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Beyonce's onto something, you know

Her new album-out-of-the-blue is a cool idea that would work brilliantly for games.

Did you see that Beyonce released an entire album the other night, completely out of the blue? Yep, in a stunning move that makes Radiohead's choose-your-own-price release of In Rainbows look like risk-averse toe-dipping conservatism, the 32-year-old started selling a collection of 14 new songs online, complete with 17 music videos. "Surprise!" she wrote in a press release - the existence of which appears to have been her main concession towards industry convention. Apparently she was "bored" of releasing stuff the traditional way.

By the way, don't go to if you have epilepsy.

The games industry, of course, is hardly short of new and exciting distribution methods. Over the past few years we've gone from CDs and DVDs to shareware-style digital downloads, alphas, betas, free-to-play, freemium, paymium and all sorts of other things that sound like elements on Gordon Gecko's periodic table. But these things are always still a little experimental or independent, however big they then blow up to be. Waking up on Friday to a new Beyonce album is more like saying "Xbox, on" one day and discovering that Halo 5 isn't just happening; it's already on Xbox Live.

I'd love to see more of this, and although I commentate on the games industry rather than working within it, I know a few people on the inside who believe in this sort of thing as well. A few years ago I found myself talking to a marketing director at a major games publisher (don't worry, I killed him as soon as I realised who he was) who told me about an abandoned plan for a triple-A game that would have seen it announced in a whirlwind of traditional publicity - you know, press previews and viral videos and so on - and then, with a magician's flourish and a "ta-da!", announced for release a mere six weeks later. It was a risky idea, but just imagine the buzz it would have generated.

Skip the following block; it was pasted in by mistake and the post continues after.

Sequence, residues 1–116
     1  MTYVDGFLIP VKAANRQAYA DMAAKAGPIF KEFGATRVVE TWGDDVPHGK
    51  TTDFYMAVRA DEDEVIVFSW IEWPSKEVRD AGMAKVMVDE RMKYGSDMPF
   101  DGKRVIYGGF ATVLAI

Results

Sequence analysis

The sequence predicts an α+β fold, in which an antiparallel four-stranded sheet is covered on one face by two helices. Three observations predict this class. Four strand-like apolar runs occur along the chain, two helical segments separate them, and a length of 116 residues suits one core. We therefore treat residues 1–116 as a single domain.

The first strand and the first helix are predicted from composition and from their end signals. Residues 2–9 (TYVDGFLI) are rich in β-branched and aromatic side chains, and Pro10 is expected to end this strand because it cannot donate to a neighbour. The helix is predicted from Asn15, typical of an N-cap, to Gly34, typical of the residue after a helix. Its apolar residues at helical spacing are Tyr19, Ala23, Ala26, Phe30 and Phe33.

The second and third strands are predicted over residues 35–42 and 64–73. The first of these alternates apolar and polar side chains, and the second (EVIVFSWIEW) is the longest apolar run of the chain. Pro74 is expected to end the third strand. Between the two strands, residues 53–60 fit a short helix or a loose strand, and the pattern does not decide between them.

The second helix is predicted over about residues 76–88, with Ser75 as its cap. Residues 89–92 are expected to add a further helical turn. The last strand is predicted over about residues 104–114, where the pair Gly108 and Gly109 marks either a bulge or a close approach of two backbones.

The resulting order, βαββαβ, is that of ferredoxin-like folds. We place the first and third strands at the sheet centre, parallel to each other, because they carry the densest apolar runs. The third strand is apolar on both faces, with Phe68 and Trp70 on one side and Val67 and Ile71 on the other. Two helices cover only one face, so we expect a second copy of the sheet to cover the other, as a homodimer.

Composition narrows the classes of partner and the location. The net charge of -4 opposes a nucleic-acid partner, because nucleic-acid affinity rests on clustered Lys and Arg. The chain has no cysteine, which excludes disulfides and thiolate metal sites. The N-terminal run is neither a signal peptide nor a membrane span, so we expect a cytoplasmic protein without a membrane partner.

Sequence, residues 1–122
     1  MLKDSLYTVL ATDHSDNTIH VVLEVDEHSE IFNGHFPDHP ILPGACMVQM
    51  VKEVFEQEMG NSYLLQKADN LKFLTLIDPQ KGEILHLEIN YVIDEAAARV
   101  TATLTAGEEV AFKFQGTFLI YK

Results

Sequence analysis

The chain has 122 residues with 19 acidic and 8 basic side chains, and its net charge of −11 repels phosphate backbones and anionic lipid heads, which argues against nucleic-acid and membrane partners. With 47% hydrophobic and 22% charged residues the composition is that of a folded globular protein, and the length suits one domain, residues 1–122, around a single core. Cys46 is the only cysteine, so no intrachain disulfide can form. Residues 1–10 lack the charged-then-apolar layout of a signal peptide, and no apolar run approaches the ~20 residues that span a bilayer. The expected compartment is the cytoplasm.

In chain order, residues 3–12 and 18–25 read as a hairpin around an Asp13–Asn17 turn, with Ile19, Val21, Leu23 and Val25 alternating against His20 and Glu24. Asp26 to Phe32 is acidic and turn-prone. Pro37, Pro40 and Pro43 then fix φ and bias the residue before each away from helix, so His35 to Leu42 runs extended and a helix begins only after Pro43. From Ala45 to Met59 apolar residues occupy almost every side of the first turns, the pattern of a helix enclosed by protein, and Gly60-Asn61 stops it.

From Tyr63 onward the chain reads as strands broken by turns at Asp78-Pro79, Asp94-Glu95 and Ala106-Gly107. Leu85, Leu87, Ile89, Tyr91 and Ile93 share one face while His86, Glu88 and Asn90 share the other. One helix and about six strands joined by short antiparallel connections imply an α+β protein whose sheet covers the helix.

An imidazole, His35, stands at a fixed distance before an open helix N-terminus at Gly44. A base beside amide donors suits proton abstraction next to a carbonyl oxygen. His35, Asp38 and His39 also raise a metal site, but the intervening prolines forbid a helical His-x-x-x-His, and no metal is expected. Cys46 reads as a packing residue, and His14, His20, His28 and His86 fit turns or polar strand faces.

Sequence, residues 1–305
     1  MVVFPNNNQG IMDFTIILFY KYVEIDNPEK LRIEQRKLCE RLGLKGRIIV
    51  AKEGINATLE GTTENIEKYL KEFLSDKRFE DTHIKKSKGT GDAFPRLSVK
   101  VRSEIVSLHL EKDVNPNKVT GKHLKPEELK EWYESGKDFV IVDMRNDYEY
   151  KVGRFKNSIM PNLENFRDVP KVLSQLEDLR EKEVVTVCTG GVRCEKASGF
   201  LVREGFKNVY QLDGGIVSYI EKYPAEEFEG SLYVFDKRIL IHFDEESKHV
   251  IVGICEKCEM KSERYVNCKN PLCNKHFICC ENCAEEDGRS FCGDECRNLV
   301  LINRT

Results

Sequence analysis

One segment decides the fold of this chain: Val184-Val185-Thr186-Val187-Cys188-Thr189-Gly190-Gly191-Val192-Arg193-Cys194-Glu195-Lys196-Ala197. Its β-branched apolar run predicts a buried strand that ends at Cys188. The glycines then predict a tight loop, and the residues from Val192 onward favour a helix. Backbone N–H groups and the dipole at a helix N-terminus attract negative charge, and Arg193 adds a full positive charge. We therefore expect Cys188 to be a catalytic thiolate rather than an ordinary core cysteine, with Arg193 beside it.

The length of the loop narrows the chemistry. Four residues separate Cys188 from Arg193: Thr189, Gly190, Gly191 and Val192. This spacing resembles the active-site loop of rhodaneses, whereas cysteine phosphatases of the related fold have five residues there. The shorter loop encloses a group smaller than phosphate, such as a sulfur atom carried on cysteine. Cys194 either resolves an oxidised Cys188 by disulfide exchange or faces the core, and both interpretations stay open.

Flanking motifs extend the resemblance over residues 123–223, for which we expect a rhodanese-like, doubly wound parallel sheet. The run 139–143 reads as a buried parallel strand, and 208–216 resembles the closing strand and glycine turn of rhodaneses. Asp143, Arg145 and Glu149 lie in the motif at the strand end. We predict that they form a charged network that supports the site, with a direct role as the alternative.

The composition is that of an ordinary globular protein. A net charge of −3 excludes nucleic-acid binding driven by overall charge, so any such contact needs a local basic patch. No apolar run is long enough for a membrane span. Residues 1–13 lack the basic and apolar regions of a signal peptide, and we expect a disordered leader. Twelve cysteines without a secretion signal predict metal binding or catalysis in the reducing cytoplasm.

Instead, the closest thing I can remember is when Sega released the Saturn during E3 in 1995 and nobody could afford it. The distinction, though, is that a $399 expense is the kind of thing that you need to prepare your finances for. Its failure isn't really relevant to this debate unless Beyonce's charging 400 bucks on iTunes.

Unfortunately, recent years have seen big game developers going in the opposite direction. Since it was Doom's birthday this week - although it felt more like a memorial service - let's take Rage as an example. Id Software's game was promoted so far in advance of its release that even Bethesda's millions couldn't resuscitate interest in it by the time it limped into stores in late 2011. OK, Rage was a slightly special case, but (and sorry to keep picking on Bethesda) there's also The Elder Scrolls Online, rumoured forever, announced in mid-2012, and finally set to go live next April.